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“We’ll only know next year at this time if that’s able to outweigh some of the challenges with Easter,” Timms said.


WHAT’S IN A NAME: The name of the most famous shot in Masters history makes no sense.

Augusta National came across two newspaper clippings from 1935 when Gene Sarazen holed a 4-wood for his second shot on the par-5 15th. Both referred to the shot as a “double eagle.”

But if an eagle is two shots under par, a double eagle then would be four shots under par.

It’s known as an “albatross” everywhere but in the United States, no doubt because of Sarazen, yet Sarazen once referred to his shot as a “dodo,” and so the mystery continues.

“I didn’t know what a double eagle was until I came to the U.S.,” Geoff Ogilvy once said. “Maybe they couldn’t think of a word for something better than an eagle, so they called it double eagle. But it’s not really a double eagle, it’s an eagle-and-a-half.”

Scoring terminology went to the birds long ago.

According to the “Historical Dictionary of Golfing Terms,” the word “birdie” came from the American slang of something special. The story goes that three men were playing the par-4 second hole at The Country Club in Atlantic City, N.J., when Ab Smith’s second shot stopped inches from the hole and he called it a “bird of a shot.” That led to a shot one under par being called a birdie. That was in 1903.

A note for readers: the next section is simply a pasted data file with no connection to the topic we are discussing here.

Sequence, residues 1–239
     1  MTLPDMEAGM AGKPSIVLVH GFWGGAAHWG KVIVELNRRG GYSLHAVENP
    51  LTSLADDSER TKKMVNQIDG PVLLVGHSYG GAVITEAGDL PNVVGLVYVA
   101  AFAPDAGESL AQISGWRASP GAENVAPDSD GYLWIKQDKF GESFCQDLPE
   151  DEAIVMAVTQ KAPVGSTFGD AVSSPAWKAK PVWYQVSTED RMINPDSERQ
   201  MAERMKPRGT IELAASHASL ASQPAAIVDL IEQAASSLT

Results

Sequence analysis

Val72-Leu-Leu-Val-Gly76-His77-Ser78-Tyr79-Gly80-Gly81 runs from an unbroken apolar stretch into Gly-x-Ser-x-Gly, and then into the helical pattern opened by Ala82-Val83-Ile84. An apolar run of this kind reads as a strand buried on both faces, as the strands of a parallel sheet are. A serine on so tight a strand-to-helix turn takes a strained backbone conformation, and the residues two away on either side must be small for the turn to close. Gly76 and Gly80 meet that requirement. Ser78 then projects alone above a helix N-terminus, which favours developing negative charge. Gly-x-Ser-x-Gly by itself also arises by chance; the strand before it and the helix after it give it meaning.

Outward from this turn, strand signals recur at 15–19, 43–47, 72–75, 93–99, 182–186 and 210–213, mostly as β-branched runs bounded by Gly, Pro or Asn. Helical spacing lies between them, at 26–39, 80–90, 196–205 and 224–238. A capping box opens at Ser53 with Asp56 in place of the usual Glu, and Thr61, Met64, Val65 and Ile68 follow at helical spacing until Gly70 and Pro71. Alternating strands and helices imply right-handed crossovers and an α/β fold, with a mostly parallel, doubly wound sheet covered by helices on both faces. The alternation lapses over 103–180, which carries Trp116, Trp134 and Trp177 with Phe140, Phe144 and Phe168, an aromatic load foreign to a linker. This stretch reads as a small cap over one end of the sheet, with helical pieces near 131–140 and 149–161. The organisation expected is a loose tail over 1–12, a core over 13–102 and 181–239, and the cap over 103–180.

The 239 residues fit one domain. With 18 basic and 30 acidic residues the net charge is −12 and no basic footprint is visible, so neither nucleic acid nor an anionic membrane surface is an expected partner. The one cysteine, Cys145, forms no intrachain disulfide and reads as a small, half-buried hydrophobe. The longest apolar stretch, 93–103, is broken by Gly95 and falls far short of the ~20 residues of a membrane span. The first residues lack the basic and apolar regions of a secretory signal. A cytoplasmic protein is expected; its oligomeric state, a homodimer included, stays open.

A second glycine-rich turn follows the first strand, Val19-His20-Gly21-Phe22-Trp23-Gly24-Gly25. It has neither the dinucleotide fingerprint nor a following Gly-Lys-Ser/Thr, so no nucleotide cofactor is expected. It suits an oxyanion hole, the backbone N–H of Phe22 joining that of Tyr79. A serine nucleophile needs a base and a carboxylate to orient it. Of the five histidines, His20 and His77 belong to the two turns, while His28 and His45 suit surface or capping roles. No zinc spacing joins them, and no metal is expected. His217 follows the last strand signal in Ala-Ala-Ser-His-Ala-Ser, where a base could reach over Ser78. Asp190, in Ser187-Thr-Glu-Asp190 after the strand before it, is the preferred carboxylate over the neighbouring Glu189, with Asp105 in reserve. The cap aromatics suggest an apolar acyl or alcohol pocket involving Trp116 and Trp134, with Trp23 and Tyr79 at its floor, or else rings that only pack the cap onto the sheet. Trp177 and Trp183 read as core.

Thus began the use of birds in scoring, such as an eagle, and so “albatross” makes sense.

“It’s a good bird, isn’t it?” Ogilvy said. “They fly across oceans. It’s grand, which is what describes the shot.”

Grand, indeed, considering there have been only four such scores in Masters history, the most recent Louis Oosthuizen on the par-5 second hole Sunday.


PING GOES PINK: That pink driver used by Bubba Watson is going to the market.

Two days after Watson won the Masters, Ping said it would sell 5,000 limited-edition G20 drivers with the pink shaft and head. The drivers sell for $430, and Ping said it would donate 5 percent to a fundraising campaign called, “Bubba Long in Pink. Driven by Ping.”

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